You know, is the best way, uh, to, to decrease the fashion carbon footprint is actually not to buy new clothes. So I encourage everybody: limit your clothes buying consumptions. That will be good. And the industry must shrink. But if you have to buy something, you can buy secondhand. And I think that's another way to do, and that will become more and more, a new norm -- secondhand.

Third thing, which is not as good as "buy secondhand," but it's still better, is to buy products that have a better sustainability index. And that's what we are doing. And we're trying to improve the sustainability of our product. We're also working on, uh, thinking about, uh, uh, secondhand purchase and really think about a new way to consume fashion in the future.

Adam Conner: [00:21:03] This is interesting, and I'd like to begin to round out here, because ultimately you are painting a picture of the future in which Adore Me, the sister brands, the whole ecosystem that you have founded continues to grow within an industry which, if we are to care about the planet and act in a greener way (without greenwashing things)... in a greener way should shrink.

How do you, um, plan to -- I mean, what goes into, how do you deal with both of those competing factors?

Romain Liot: [00:21:45] Yeah, but it's -- interesting question -- it's that they're competing at an industry level, at a macro level, but at a micro level, there will be some winner and there will be some loser, you know, I think that's the beauty of innovation and, and entrepreneurship that, you know, some companies are at their peak and then they go down and they go bust.

Exxon used to be, uh, the largest company in the world for a long time. And now they are not anymore in, uh, in the index of the New York stock exchange or, you know, uh, they are falling away. And, in a few years, it will be bankrupt and, uh, everybody will think it's normal because this company was there for too long. And it would be the same with the fashion industry. I think it has been too cozy for a long time and some of the big player will disappear and, some of the new players -- Adore Me, but also others will actually grow and thrive.

Adam Conner: [00:22:47] I got it. So then in theory, this industry should shrink.

However it should come at the expense of -- I don't want to make the direct comparison, but the Exxons of the fashion world, perhaps? Those who are the most wasteful? And the survival of the greenest (I'm not sure. Again, I don't want to use that word because I know that greenwashing has become such an issue, but), the survival of the most sustainable perhaps is what allows you to continue to operate and move forward, given the outlook. So I appreciate that because it is, I think, noble to operate, understanding that the world needs to operate differently, but knowing that you individually want to grow. And I think it's a true part of Adore Me's, and your, authentic story. That's where I'd like to close, because I always ask people about this particular word on this podcast, that word being authenticity.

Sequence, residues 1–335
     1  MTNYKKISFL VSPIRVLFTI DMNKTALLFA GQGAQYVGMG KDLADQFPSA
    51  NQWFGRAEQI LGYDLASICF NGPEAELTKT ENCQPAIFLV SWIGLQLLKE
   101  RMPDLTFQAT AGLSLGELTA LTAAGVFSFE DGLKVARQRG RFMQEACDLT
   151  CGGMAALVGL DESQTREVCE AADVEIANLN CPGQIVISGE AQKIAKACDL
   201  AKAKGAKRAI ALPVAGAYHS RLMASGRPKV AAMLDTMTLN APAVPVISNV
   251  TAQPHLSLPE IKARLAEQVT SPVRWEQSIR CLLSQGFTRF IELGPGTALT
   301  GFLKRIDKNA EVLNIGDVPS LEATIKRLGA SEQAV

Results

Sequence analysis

You have laid out on this show how, since just a few years ago, you saw the light about being better for the world. Set out goals. Long-term goals. And built a scalable blueprint, which you first proved yourself before hopefully being able to circulate it more broadly through an industry that you hope to grow, even as it broadly shrinks. Now the folks that listen to this show are seeking to build their own authentic stories.

And while it may not necessarily be in an industry that they believe should shrink, they are always looking to grow and they emulate the types of people like you, who have managed to build such an authentic journey. So my final question is: what advice can you give to our listeners to help them find their own personal truth?

Whether it be for their business, whether it be for their personal outlook, generally speaking, how do they find their own avenues to authenticity?

Romain Liot: [00:24:50] Hmm. Very good questions. Uh, I, I would take it in a very, uh, modest way. Meaning that: everybody will have their own answer and I'm not sure I'm the best person to, to, uh, to give best advice to, to anyone.

I will just share what I'm trying to do. First is to step back, you know, and to step back, I think there is two way to step back that I found personally powerful. Number one is step back on what truly matters to you, you know. Is it to have a lot of likes on social media? Or is it to interact with people? Try to go at the bottom of what matters to you.

And the second way to step back is to bring a bit of timeline perspective. In 20 years, you know, it's likely or very likely that the world, uh, will be extremely different at every level. In terms of tech consumption, in term or heat wave or "heat dome" everywhere. And where do you want to be in 20 years?

And I think that it's easy to hide, uh, in six months or in 12 months. It will not change much. But in 20 years, it will be a big difference. If you live in Miami, you might have to acknowledge that in 20 years, it's likely that the city will be underwater. Where will you live? Still living in Florida? Great. Do you want to go north, fine. You know, so. Take a long-term perspective. And I think it's a combination of what really matters to you and what will happen in 20 years, so long-term perspective. At the crossing of that, you have a lot of interesting question and you can build your own strategy on the world's authenticity.

Adam Conner: [00:26:41] Well, that's thoughtful input. And I think it would make sense for anybody, especially with an eye on making a better world, to zoom out in that way. What will the world look like in 20 years for my specific industry, my specific job, my journey? And how can I think ahead and be a trendsetter? I think that there's a great deal of authenticity to be found there.

And I'm glad that we found a little bit of it today through your story, Romain. I appreciate your, your feedback here, your thoughtful answers and your blueprint to helping others find that Trust Through Transparency and build sustainable futures. And for sharing all of that right here with me, thank you very much.

Romain Liot: [00:27:27] Thank you.